Saturday, July 23, 2011

Listening to Loons

I could hear only two sounds - one soft and one sad - that night on our little lake, here at the end of the road.

Water from the passing storm dripped from a hundred spruce and fir branches, as if the forest was softly sobbing. The lightening had turned silent, flashing now beyond the ridge as it led a dirge of dark clouds onward towards the north horizon. As the clouds receded, a dark veil of stars was slowly spreading across the silent sky.

The somber sound - the lonesome calls into the night - was the near-continuous wailing of one Loon. The wailing started in the hour before sunset. It grew lost in the midnight storm, but now it was going strong at 2AM with no sign of surrender to the night.

I stood barefoot in the dark, hypnotized by the calls. Loons wail to call out to other Loons on distant lakes, but it sounded so incredibly mournful given what we had witnessed. How could I sleep now, after experiencing these calls, and knowing there would be no baby Loons here this summer?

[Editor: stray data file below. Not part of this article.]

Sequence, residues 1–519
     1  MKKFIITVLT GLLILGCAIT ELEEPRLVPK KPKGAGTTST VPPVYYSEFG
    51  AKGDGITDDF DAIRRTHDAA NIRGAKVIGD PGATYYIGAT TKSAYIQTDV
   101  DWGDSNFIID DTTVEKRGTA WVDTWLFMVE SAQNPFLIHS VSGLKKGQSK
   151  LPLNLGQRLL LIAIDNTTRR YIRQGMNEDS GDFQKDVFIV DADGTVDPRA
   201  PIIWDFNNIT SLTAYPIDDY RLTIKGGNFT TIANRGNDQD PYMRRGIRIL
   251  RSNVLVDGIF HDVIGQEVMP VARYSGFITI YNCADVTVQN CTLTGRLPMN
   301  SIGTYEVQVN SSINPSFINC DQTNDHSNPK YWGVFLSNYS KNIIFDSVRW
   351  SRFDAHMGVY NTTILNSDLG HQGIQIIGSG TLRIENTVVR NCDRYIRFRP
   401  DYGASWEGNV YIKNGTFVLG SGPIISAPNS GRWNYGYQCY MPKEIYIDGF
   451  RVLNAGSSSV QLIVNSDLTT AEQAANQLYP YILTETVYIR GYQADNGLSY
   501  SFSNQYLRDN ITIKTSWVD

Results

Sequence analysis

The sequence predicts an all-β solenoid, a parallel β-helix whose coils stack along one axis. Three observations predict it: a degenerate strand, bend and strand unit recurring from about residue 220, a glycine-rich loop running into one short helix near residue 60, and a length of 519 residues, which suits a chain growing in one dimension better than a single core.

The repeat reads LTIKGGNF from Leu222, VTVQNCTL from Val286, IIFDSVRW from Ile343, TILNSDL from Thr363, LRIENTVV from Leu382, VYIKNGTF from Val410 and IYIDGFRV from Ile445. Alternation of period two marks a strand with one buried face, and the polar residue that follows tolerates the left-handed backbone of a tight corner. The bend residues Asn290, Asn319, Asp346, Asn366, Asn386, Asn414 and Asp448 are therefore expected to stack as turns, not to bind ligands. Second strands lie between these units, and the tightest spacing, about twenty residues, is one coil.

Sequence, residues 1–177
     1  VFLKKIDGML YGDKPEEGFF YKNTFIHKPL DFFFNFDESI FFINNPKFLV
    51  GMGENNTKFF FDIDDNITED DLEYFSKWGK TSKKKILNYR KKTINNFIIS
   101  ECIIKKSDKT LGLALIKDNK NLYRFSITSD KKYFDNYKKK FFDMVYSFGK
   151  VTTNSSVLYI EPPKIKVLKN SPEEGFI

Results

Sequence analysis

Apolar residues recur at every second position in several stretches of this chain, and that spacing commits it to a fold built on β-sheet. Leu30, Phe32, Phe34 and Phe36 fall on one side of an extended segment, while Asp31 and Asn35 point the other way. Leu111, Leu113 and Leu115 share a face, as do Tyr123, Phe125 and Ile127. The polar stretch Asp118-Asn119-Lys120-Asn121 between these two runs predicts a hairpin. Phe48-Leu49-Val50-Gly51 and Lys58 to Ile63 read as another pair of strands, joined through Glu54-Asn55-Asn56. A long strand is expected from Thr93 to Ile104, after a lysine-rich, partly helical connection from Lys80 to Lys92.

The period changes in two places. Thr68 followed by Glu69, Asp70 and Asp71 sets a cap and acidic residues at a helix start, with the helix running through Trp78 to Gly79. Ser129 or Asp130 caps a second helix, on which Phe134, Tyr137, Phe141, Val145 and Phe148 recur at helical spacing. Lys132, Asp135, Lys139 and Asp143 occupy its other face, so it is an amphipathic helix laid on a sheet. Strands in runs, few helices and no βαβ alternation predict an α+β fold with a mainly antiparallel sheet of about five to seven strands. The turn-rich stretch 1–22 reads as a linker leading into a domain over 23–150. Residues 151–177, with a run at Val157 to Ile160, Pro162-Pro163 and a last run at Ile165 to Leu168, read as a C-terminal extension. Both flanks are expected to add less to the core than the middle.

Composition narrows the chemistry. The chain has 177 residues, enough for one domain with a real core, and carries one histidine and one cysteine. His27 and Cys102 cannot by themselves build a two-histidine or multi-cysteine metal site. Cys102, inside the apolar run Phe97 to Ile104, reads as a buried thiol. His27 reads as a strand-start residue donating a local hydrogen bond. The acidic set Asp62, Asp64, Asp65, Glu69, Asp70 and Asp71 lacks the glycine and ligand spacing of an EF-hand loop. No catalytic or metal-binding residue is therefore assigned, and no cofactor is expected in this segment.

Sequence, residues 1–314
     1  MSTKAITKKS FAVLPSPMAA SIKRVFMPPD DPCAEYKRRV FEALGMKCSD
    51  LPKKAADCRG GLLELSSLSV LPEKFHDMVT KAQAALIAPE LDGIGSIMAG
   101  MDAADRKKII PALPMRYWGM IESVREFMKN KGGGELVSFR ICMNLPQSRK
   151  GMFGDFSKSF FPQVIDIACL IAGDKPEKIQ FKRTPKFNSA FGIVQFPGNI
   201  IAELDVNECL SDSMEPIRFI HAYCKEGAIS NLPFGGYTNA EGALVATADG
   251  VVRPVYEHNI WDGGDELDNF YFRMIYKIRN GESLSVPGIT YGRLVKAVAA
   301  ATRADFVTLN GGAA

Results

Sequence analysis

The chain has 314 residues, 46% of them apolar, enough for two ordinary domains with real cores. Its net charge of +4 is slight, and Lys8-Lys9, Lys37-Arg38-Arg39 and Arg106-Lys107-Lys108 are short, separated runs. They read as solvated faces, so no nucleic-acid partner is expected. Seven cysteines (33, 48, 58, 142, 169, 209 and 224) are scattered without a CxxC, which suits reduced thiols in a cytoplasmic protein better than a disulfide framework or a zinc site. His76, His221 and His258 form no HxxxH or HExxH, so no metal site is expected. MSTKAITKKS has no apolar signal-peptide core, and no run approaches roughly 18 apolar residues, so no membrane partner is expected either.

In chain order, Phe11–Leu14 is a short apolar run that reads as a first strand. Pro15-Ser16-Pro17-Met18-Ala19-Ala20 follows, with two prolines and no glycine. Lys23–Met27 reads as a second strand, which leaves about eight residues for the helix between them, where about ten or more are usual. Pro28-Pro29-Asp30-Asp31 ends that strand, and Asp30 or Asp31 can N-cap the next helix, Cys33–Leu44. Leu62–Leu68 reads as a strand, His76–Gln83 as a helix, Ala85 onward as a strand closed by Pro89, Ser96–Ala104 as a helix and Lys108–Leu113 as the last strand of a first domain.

'Baby Hubert hiding under his mother's wing last summer (c) John Ashley
Baby Hubert riding on mom's back last summer.
Teenage Hubert wrestles a crayfish (c) John Ashley
Teenage Hubert wrestles a crayfish.
Last summer was a happier time. Our resident pair of Loons defended the lake from other Loons, held the marauding Eagles at bay, and successfully raised a single chick through the summer. We named the chick, "Baby Hubert." He grew big and brown and skilled at catching crayfish, gracing our lake into the fall before heading off to the Pacific, sometime after his parents had left. Somehow, Baby Hubert knew the way.